Connect with us

Featured

Telkom confirms bid to buy Cell C

Published

on

Telkom has for the first time confirmed that it is in discussions about a possible acquisition of mobile network Cell C, writes GARETH VAN ZYL.

The confirmation came in a cautionary announcement to Telkom shareholders on Monday morning, after several reports have surfaced this year about a possible deal with Cell C.

Saudi Arabia’s Oger Telecom is Cell C’s biggest shareholder, with a 75% stake in the South African mobile network.

“Shareholders are referred to the cautionary announcement released on SENS on 28 September 2015, and are advised that Telkom is in discussions regarding a potential transaction to acquire all of the shares of Cell C… Such transaction, if successfully concluded, may have a material effect on the price of Telkom’s securities,” said Telkom in its SENS announcement.

“Telkom is currently performing due diligence on Cell C,” said the company.

Cell C has previously reported that it has 22 million subscribers, which means it is South Africa’s third largest mobile network after MTN (29 million) and Vodacom [JSE:VOD] (around 30 million).

Telkom has South Africa’s biggest fixed line network with 3.439 million fixed lines, according to its annual results for the period ended March 2015.

In July, Telkom reported that its active mobile subscriber base has grown to just over 2.1 million subscribers, meaning that a purchase of Cell C would bolster its wireless efforts in the South African market.

Fin24

Source

http://www.fin24.com/Tech/Companies/telkom-confirms-bid-to-buy-cell-c-20151109

Featured

Get your passwords in shape

New Year’s resolutions should extend to getting password protection sorted out, writes Carey van Vlaanderen, CEO at ESET Southern Africa.

Published

on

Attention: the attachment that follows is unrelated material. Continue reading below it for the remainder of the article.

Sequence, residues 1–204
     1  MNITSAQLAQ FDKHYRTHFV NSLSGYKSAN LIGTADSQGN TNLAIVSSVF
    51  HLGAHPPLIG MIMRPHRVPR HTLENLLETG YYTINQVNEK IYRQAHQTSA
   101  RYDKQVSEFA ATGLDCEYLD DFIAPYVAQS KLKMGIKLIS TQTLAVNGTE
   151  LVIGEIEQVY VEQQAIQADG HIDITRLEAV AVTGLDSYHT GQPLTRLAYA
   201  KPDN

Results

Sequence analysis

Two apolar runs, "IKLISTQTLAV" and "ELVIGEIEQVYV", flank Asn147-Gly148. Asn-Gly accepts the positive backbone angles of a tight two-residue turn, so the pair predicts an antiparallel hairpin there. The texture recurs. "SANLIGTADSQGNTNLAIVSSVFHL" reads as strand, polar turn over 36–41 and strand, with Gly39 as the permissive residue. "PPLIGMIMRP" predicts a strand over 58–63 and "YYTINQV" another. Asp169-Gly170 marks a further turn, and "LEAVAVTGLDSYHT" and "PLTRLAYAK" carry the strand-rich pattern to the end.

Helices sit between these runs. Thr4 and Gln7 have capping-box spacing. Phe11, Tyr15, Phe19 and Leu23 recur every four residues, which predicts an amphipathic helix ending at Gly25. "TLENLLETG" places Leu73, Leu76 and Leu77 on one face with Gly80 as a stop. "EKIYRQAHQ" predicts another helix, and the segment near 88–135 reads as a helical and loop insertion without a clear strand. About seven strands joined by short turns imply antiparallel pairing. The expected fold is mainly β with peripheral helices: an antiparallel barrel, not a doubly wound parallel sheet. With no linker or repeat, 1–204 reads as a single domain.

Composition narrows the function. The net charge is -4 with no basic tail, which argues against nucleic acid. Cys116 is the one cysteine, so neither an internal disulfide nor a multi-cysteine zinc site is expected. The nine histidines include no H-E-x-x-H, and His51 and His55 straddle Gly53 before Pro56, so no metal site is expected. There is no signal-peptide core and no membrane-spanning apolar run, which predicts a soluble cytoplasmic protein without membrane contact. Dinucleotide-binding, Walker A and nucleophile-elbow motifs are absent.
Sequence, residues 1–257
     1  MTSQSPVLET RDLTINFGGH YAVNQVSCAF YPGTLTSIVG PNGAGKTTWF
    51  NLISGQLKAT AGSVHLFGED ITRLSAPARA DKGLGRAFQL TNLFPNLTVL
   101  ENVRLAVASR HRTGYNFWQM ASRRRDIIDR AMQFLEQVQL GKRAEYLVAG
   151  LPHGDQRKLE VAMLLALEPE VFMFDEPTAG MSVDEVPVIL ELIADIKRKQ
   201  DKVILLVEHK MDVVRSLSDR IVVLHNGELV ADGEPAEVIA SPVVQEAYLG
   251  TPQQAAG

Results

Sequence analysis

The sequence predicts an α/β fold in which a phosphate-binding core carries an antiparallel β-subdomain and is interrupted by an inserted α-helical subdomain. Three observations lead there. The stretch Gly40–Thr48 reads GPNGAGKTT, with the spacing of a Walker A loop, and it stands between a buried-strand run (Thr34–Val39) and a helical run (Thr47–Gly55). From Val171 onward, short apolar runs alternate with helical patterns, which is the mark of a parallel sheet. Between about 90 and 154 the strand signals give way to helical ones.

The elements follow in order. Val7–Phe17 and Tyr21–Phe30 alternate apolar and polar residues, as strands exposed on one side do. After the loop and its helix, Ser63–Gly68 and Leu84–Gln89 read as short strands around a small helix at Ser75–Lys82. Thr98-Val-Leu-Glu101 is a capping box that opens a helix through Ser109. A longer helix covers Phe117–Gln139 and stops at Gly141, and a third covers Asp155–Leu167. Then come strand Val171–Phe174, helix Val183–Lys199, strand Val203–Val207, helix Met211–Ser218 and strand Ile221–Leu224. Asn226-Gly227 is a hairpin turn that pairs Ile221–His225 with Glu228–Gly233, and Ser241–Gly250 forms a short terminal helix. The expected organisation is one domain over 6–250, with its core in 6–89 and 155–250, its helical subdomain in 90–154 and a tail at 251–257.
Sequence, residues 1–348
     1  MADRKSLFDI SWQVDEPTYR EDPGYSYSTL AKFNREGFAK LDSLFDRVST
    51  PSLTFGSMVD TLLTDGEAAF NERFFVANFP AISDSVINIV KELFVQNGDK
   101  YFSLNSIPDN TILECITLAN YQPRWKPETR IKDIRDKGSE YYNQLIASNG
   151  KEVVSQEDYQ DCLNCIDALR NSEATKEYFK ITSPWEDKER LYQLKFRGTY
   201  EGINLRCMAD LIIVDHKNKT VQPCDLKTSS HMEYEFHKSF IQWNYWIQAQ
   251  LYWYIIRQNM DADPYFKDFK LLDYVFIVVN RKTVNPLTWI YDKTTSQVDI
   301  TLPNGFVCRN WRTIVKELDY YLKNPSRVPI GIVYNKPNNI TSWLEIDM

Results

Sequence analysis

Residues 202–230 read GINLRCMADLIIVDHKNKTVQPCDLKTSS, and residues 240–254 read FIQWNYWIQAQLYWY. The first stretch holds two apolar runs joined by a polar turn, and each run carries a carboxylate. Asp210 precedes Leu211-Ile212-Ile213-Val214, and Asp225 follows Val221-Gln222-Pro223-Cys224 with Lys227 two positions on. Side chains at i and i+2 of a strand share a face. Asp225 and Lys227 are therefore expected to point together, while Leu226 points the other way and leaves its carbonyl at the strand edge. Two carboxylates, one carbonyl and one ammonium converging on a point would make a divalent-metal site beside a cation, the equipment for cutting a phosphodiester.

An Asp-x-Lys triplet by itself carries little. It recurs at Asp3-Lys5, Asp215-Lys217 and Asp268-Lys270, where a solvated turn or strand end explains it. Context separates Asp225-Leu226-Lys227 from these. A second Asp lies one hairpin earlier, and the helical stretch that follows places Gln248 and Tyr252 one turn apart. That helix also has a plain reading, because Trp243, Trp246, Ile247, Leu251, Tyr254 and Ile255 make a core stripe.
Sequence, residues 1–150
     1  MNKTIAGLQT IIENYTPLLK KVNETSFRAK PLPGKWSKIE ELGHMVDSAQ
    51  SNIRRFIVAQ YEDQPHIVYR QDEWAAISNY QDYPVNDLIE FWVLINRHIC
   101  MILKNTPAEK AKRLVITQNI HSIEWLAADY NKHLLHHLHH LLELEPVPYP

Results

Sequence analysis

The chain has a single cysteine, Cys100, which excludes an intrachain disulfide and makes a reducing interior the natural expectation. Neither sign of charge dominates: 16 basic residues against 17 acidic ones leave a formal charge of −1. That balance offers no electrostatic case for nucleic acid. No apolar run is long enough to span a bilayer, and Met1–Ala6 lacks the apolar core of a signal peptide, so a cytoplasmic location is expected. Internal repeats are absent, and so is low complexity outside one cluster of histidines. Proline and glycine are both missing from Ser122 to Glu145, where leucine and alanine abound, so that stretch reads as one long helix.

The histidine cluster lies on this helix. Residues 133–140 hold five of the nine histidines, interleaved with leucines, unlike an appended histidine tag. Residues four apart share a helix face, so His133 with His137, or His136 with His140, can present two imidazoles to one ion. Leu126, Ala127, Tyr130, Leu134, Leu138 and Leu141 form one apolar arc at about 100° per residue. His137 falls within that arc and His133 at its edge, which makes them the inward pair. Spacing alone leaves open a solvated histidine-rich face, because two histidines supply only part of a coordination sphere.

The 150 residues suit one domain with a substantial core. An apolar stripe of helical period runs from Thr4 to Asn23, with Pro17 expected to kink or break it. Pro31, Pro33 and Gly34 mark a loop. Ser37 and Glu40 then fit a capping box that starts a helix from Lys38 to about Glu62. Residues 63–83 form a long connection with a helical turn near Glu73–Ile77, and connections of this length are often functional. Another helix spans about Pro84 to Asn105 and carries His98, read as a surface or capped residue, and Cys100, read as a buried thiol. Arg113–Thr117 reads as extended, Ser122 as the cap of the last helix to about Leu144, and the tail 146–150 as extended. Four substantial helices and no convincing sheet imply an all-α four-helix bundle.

Many of us have entered the new year with a boat load of New Year’s resolutions.  Doing more exercise, fixing unhealthy eating habits and saving more money are all highly respectable goals, but could it be that they don’t go far enough in an era with countless apps and sites that scream for letting them help you reach your personal goals.

Now, you may want to add a few weightier and yet effortless habits on top of those well-worn choices. Here are a handful of tips for ‘exercises’ that will go good for your cyber-fitness.

I won’t pass up on stubborn passwords

Passwords have a bad rap, and deservedly so: they suffer from weaknesses, both in terms of security and convenience, that make them a less-than-ideal method of authentication.  However, much of what the internet offers is independent on your singing up for this or that online service, and the available form of authentication almost universally happens to the username/password combination.

As the keys that open online accounts (not to speak of many devices), passwords are often rightly thought of as the first – alas, often only – line of defence that protects your virtual and real assets from intruders. However, passwords don’t offer much in the way of protection unless, in the first place, they’re strong and unique to each device and account.

But what constitutes a strong password?  A passphrase! Done right, typical passphrases are generally both more secure and more user-friendly than typical passwords. The longer the passphrase and the more words it packs the better, with seven words providing for a solid start. With each extra character (not to mention words), the number of possible combinations rises exponentially, which makes simple brute-force password-cracking attacks far less likely to succeed, if not well-nigh impossible (assuming, of course, that the service in question does not impose limitations on password input length – something that is, sadly, far too common).